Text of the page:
Out with the old in with the new (maybe)

During 2013 we talked about a number of challenges including:

•    Consensus decision making’s focus on common knowledge whereas innovation requires a focus on the uncommon.

•    The continued strife between partners seeking a managed professional business and those seeking the historical autonomous partnership.

•    The continued quest for client value in finding the right balance between price, response time, service levels, and quality.

•    Work-life balance is really up to the lawyer to decide and the firm to respond.
•    The difference between systemic and organizational problems facing the profession and the need for the Canadian Bar Association to focus on the former and leave it to firms to focus on the latter.

•    Environmental scan of our neighbours to the south and what they are thinking about and doing.

•    The future of the legal profession and the risk of hanging too much “hope” on the Legal Futures Initiative of the CBA being able to provide cookie-cutter solutions.

•    The conflict between the knowledge service delivery marketplace law firms compete in and trying to measure their financial value with a historical measurement unit such as the billable hour.

•    The impact of the pace and degree of change on legal professionals and the resulting sense of “learned helplessness” that is creeping through the profession and firms which can be attributed to a perceived sense of having no control over the outcome of a situation.

•    Break-even analysis as a tool to assist firms in achieving some degree of economic sustainability in challenging economic times.

•    Key performance indicators in the Canadian legal marketplace based upon fiscal 2012 results.

I wish I could assure any readers of the column of an entirely fresh array of topics for 2014 but I would be ignoring the truth that many of these topics and issues are not going away any time soon.

In broader terms I anticipate some of next year’s columns will focus on:

Process re-engineering: the need for law firms to alter their delivery of legal services methodology as much as their structure.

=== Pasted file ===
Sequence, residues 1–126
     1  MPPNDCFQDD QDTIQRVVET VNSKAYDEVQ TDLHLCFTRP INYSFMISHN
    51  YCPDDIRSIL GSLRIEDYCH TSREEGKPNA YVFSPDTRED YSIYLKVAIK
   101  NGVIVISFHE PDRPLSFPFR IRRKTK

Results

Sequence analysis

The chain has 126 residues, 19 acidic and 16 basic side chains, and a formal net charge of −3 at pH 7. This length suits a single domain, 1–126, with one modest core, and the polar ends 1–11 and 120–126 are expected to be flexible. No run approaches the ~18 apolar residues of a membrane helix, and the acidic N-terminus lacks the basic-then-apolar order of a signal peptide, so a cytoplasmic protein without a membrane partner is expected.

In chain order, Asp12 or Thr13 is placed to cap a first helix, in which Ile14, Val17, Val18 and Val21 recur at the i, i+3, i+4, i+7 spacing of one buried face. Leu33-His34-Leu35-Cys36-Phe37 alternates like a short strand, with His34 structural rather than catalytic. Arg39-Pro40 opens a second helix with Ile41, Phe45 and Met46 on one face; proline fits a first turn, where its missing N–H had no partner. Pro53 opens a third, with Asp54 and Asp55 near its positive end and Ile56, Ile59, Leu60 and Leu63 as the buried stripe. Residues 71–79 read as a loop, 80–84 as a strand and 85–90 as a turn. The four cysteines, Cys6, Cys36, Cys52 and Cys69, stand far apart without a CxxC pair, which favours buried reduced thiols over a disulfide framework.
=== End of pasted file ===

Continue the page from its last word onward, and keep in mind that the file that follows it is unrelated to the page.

Pricing: in the mature marketplace that Canadian law firms, for the most part, operate in, this will become one of the single most important roles in firms (yes human resources, technologists, and marketers you have heard me right).

Cost management: this goes way beyond the price of paperclips and pens and into structure/governance and the underlying philosophy of how firms spend monies.

Mandatory training: firms can no longer afford the “opt out if you want” training approach employed by firms in the past because of both the increasing cost of technology and the fact many firms are using a small percentage of the computing power of existing applications.

Mothballing marketing departments: firms will be more driven by business development efforts than historical marketing ones, which will have an impact on legal directories, publications, marketing staffing levels, advertisements, and ancillary expenditures. The focus will be back to a “people to people” approach with business development research one of the fastest growing expenses in firms.

Women lawyers in management roles: with record numbers of women entering law school but no real headway into the number of women in meaningful management roles in firms (approximately 24 per cent at recent CBA law firm management conference were female lawyers) there is a need to explore what is and can be done to create opportunity for their participation.

At the same time I expect we cannot lose sight of some standing topics such as:

Key performance indicators: more likely U.S.-dominated numbers as Canadian ones are much harder to come by.

Legal Futures Initiative: while not ignoring the world perspective, it has the potential to provide some unique insights into the Canadian profession — whether it will or not remains to be seen.

Innovation: both the critical need for law firm innovation to thrive in the challenging time that lies ahead and how firms might encourage lawyers to embrace innovation even though foreign to their nature.

Hopefully some benefit will be derived from addressing these topics and others in the minds of the readers and not just be a therapeutic exercise for me.

But given the flat to downward economic times I am seeing for 2014 for the legal profession in Canada (note there will always be exceptions) readership is optional but dealing with these and other issues is mandatory.

Holiday cheer

Another holiday season is upon us. My wish is that you will take a break from the hectic pace of working life and to relax and enjoy some of it with friends and family. At any time of year, and especially at this time of year, it is the good things we need to focus on. Friends and family should be our focal point, if for no other reason than they are with us unconditionally in the challenging as well as the good times.

It is also a time to take stock of the events of 2013 and to appreciate the successes you have experienced, no matter how large or small, and the efforts of everyone who has contributed to these successes.

I would be remiss if I didn’t thank each of you who, for whatever reasons, have taken the time to read my ramblings again this past year. I know you have choices and that you make this column one of them is very gratifying.

Until next year, remember life is a mystery to be explored and not a problem to be solved!

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